• After the initial time period, the initial power Pi is adjusted to a steady power P in a steady state mode (308). For example, the steady power P may be only 2 kilowatts, which may be achieved by turning the point-of-use heater ON every third half cycle. As needed, based on change in pressure ΔP and water temperature Tw variations, the steady power is adjusted (310). The steady power P may also be affected by priority considerations, as discussed in more detail below in reference to FIG. 4.
  • At each zero crossing of input power (i.e., where the waveform crosses at zero for an alternating current, such as 120 AC) the steady power is measured (312) to determine if additional power is required. If the steady power is less than the required power (314), additional power is requested (316). If the change in pressure ΔP is back to zero (318), power is shutoff and the system goes back to monitoring change in pressure and water temperature (302).
  • Referring to FIG. 4, a priority control method for heating water in the water heater system 100 includes receiving user inputs related to setting priority (400), including instantaneous power, short-term average current, and long-term average current. The user also provides inputs to prioritize each water heater.
  • Prior to each zero crossing, each water heater is tested to determine which ones are requesting power (402). Then, if the available power is less than the requesting power, a further determination is made to determine which water heaters will receive power based on the preset priority (404). If a water heater does not receive power for a particular half cycle, the priority for that water heater is raised (406) to increase likelihood that the water heater will receive power during a next half cycle.
  • At a zero crossing, power is applied to selected water heaters for the next half cycle (408). Also, synchronization is adjusted (408) to ensure synchronicity between the priority controller 112, which has its own internal oscillator, and the received power. The supplied power is monitored to determine how much power is available for the next half cycle (410).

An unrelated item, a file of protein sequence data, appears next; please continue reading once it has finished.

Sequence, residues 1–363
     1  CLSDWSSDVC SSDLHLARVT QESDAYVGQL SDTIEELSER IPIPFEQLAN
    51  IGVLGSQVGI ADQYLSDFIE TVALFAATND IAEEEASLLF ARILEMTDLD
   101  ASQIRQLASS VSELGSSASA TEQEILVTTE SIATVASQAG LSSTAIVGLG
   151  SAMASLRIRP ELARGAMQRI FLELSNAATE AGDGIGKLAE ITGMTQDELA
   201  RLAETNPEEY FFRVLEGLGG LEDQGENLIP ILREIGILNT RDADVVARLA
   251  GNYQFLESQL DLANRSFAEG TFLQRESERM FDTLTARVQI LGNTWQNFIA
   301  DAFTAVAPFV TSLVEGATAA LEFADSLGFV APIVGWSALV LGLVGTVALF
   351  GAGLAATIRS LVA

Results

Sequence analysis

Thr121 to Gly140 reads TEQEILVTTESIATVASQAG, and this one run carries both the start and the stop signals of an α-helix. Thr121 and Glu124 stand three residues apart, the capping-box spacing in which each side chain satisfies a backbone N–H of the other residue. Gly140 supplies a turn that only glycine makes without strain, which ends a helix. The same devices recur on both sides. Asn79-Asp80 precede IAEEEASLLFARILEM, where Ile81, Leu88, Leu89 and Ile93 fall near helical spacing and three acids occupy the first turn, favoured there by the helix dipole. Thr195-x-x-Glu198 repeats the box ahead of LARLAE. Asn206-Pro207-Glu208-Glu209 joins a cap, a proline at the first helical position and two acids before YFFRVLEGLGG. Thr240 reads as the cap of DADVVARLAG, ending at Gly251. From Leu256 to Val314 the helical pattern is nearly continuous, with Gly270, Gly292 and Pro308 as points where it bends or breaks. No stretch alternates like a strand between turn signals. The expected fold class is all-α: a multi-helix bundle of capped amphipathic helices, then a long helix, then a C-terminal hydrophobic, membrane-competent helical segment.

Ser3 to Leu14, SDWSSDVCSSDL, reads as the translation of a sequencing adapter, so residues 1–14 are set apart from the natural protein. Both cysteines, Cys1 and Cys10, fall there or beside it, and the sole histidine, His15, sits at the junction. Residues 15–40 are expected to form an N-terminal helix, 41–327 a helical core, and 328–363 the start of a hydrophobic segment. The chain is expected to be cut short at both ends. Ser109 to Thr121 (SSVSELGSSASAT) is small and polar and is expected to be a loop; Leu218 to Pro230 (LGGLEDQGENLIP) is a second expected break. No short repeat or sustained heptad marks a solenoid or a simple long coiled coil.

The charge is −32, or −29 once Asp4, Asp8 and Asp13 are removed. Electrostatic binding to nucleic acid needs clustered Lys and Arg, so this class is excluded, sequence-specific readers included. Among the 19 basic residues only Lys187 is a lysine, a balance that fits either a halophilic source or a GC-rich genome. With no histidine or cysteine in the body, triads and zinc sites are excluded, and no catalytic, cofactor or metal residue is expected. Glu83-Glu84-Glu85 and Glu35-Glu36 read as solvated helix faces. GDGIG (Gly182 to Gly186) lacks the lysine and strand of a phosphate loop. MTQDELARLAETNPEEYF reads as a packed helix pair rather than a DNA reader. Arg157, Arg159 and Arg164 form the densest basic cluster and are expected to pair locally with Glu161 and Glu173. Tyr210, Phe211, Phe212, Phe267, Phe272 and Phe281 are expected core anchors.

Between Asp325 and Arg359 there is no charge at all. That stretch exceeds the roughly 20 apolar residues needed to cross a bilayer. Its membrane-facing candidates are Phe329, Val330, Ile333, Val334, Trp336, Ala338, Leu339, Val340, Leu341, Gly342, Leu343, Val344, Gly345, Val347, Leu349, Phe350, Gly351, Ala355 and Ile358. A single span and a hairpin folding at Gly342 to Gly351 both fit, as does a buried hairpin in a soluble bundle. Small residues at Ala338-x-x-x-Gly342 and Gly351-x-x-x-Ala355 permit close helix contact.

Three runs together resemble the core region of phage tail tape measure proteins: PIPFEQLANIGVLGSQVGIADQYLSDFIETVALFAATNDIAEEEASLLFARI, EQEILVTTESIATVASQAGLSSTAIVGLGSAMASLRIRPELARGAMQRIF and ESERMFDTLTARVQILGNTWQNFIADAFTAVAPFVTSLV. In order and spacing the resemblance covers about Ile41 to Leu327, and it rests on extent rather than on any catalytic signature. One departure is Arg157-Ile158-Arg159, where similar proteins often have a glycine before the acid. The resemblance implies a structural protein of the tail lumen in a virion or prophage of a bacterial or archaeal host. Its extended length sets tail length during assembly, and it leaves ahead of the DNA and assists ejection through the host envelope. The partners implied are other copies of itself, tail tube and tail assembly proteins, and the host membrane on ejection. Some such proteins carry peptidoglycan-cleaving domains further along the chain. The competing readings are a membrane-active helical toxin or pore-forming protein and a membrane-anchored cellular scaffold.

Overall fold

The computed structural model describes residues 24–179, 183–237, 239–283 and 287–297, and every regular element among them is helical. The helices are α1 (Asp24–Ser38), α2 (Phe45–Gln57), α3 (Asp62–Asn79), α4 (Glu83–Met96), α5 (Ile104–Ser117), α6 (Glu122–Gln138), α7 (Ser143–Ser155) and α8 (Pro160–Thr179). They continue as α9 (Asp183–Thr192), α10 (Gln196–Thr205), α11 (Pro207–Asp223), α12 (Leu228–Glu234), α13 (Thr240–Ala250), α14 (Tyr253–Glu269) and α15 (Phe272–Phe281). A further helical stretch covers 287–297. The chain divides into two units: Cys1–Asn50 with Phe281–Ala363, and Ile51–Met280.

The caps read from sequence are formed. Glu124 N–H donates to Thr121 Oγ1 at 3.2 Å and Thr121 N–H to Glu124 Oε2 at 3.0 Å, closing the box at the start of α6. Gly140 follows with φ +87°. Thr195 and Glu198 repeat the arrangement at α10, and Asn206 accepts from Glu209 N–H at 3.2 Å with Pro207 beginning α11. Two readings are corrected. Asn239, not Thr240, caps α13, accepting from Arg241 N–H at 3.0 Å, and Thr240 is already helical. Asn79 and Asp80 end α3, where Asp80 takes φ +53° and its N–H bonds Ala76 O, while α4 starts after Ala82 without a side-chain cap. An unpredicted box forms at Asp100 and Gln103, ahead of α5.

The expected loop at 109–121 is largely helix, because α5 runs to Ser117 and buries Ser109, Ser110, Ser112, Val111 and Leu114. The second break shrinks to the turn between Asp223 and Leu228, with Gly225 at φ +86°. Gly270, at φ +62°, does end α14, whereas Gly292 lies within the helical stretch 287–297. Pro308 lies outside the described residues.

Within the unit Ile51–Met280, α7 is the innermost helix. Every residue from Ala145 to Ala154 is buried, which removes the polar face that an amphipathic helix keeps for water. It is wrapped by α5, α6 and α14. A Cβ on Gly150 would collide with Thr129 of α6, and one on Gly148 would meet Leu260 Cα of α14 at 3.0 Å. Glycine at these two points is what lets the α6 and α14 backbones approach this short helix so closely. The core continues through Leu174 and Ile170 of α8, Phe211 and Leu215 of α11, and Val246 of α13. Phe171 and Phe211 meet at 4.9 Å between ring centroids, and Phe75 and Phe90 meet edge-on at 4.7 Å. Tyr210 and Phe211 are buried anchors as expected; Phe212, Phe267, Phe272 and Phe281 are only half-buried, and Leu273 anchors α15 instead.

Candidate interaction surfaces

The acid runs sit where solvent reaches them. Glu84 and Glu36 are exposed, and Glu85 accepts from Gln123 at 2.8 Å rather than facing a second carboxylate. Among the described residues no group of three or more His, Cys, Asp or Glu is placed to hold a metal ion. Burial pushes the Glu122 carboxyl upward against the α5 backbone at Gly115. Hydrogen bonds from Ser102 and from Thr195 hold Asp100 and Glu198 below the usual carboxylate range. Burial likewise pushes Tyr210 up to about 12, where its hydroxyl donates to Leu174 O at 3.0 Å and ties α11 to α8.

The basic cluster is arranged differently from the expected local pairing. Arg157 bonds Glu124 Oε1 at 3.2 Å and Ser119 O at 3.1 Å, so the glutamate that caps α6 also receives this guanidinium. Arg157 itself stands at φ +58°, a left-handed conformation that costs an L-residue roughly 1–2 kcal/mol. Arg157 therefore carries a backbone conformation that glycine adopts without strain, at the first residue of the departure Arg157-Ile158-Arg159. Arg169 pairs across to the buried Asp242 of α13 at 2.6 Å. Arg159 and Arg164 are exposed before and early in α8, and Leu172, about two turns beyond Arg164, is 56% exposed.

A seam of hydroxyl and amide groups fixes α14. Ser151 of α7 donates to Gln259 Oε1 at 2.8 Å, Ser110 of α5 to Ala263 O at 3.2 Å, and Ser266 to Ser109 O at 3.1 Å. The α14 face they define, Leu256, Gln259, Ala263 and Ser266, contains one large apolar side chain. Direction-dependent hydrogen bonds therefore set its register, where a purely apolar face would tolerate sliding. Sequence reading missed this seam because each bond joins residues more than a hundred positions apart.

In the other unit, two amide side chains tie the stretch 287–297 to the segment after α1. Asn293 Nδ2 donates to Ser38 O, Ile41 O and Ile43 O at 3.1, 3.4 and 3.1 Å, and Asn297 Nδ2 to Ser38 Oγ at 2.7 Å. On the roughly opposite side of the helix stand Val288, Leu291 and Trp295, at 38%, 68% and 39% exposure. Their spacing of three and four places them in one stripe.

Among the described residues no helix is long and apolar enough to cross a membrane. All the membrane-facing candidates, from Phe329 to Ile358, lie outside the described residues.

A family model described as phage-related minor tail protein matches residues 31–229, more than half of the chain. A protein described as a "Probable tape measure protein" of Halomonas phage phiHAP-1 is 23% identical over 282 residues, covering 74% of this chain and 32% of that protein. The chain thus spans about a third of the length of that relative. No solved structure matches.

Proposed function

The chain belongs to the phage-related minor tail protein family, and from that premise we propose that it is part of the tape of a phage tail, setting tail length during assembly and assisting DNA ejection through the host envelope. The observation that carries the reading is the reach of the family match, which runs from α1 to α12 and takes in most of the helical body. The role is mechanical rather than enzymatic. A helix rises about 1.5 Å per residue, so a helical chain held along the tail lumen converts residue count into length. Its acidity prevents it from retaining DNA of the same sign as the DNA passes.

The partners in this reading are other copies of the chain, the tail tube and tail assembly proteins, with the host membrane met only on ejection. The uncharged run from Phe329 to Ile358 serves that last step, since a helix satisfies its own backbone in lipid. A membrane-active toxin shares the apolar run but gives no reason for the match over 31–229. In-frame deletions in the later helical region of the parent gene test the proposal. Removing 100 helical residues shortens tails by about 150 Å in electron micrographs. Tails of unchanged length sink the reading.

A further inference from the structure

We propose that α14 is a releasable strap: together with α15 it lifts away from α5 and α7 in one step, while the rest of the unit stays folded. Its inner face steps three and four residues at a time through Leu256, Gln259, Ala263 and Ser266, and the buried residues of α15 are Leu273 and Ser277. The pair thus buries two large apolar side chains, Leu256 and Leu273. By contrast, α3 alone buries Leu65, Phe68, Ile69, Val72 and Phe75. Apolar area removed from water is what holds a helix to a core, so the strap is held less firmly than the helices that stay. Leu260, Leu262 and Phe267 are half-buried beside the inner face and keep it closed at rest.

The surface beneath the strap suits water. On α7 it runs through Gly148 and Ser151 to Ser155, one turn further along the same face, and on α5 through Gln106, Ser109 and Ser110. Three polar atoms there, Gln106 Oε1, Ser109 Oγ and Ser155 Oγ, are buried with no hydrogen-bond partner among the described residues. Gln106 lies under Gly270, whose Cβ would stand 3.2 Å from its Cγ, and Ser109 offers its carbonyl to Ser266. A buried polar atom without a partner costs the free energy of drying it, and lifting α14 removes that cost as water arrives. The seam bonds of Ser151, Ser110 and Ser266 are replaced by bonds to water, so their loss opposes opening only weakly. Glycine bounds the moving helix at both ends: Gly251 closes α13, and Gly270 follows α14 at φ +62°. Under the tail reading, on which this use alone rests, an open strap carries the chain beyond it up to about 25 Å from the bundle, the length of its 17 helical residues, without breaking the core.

• While particular embodiments and applications of the present invention have been illustrated and described, it is to be understood that the invention is not limited to the precise construction and compositions disclosed herein and that various modifications, changes, and variations may be apparent from the foregoing descriptions without departing from the spirit and scope of the invention as defined in the appended claims.

Claims (12)

1-20. (canceled)
21. A water heater system comprising:
an intermediate water heater including a storage tank in which water is initially received at an initial temperature, the intermediate water heater being controllable to heat the water to an intermediate temperature that is higher than the initial temperature; and
at least one point-of-use water heater coupled to the intermediate water heater for receiving the water from the intermediate water heater after the water has been heated to the intermediate temperature, the point-of-use heater being controllable to heat the received water to a point-of-use temperature, the point-of-use temperature being higher than the intermediate temperature.
22. A method for heating water in a water heater system, the method comprising:
receiving water at an initial cold temperature in a storage tank of a central water heater;
heating the water in the storage tank to a warm temperature;
receiving the water from the storage tank at a point-of-use water heater; and